CHICAGO (CBS) – Former Chicago Ald. Ed Burke's defense team again signaled that they will call former alderman-turned-FBI informant Danny Solis to the stand next week.
And the jury could begin deliberations the week before Christmas.
The latest developments came as the prosecution laid out what they found when they raided Burke's office. CBS 2 Political Reporter Chris Tye had the latest on what jurors heard on Thursday.
Federal prosecutors showed the jury evidence that they said proved Burke's aldermanic team created problems for businesses that only they could solve. And in the process, they rubbed elbows and applied pressure big money clients who could hire Burke's private tax firm.
Until Thursday, what the federal government unearthed from the raid of Burke's office five years ago was kept in the dark. About 25 FBI agents stormed the then-14th Ward alderman's office, and took with them a trove of documents related to the remodeling of a Burger King at 40th and Pulaski in his ward.
Not long after the billion-dollar franchisee Shoukat Dhanani of Houston took over the restaurant, prosecutors said Burke's team started a dossier on the Dhanani group. Burke's team learned the group owned hundreds of stores nationwide.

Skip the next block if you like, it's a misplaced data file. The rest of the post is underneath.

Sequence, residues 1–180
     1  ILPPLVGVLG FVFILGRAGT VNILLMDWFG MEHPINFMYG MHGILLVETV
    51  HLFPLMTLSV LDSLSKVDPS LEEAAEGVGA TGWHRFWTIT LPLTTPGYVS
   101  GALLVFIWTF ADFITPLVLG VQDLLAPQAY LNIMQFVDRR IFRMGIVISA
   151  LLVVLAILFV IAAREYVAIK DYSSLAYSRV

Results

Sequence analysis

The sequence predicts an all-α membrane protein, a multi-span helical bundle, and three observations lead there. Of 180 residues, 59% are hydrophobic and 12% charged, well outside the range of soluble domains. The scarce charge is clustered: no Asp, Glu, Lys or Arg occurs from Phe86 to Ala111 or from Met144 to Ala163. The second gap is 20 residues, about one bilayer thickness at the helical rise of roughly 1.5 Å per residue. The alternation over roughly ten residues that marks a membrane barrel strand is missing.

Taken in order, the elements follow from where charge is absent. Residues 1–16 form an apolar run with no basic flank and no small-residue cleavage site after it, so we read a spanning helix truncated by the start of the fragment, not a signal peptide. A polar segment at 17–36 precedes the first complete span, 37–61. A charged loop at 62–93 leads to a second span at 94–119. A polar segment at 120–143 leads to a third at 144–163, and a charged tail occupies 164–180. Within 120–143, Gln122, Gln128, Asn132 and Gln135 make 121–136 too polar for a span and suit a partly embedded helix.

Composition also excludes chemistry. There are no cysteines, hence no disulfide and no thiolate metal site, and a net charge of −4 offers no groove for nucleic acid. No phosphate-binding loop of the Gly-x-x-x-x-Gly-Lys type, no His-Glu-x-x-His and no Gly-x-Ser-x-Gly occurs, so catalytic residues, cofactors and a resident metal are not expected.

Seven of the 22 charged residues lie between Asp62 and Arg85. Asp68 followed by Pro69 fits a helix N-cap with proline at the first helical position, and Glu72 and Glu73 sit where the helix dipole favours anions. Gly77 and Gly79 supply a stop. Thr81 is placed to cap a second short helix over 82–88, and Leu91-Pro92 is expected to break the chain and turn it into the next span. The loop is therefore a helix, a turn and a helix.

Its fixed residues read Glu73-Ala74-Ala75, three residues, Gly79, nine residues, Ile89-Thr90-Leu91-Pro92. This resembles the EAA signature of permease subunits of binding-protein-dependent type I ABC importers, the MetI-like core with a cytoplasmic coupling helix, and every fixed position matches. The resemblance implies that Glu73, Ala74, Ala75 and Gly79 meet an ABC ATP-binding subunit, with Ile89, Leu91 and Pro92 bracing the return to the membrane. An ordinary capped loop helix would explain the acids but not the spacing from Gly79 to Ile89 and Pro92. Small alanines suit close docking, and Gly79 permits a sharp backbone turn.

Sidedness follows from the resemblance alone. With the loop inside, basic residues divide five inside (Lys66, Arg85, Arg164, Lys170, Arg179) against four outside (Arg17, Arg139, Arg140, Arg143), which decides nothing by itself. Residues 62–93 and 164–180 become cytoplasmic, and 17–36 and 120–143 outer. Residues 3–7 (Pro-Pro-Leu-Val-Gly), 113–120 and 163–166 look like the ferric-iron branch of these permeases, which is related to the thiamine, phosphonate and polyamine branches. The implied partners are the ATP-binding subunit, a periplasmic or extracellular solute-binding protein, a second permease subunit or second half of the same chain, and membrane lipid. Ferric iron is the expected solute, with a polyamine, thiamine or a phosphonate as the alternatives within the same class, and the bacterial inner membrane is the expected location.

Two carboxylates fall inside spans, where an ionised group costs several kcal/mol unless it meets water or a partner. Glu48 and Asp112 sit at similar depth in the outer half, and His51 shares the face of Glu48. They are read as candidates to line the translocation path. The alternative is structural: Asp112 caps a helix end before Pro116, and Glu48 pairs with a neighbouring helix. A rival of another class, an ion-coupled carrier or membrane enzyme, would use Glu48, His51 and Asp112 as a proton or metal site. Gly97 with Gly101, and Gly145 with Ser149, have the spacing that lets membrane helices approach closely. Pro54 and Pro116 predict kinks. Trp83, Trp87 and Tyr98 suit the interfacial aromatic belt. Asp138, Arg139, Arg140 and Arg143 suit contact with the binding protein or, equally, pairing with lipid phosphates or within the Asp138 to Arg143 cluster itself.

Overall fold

Prosecutors alleged Burke was trying to land Dhanani's tax business by helping him with permit problems. For the first time, prosecutors showed evidence that Burke's team created roadblocks so they could fix them, and then fix up the Klafter & Burke tax firm with a new rich client along the way.
In a 2017 email, Burke's lieutenant, Pete Andrews, wrote to the alderman, "We stopped construction on the site.
"I recall that you mentioned to them since they are out of Houston, they should think about local legal representation for the zoning matters."
It was a pitch that the FBI listened to in real time.
Burke: "And we were going to talk about the real estate tax representation, and you're gonna have somebody get in touch with me so we can expedite your permits."
Dhanani: "I'm sorry, Mr. Burke, what was that last part?"
Burke: "You were going to have somebody call me so we can help you make sure you get your permits for the remodeling."
In the months-long effort to land Dhanani's business, Burke was heard forgetting how it was he first held up the permit.
Burke: "Why was I able to hold it up? What did they need from me?"
Andrews: "Well, they needed a driveway permits and everything signed off on."
Burke: "Well, I don't remember signing off of any driveway permit."
As the project languished, the store's owner lost hundreds of thousands of dollars in sales, and because they felt Burke's team was disorganized, Dhanani's team, who testified they felt pressure to hire Burke, never did.
While Burke never made a dime on the Dhanani Group, the charge in the case is attempted extortion, as the prosecution laid out the scheme, they said shows a deep intent to extort.
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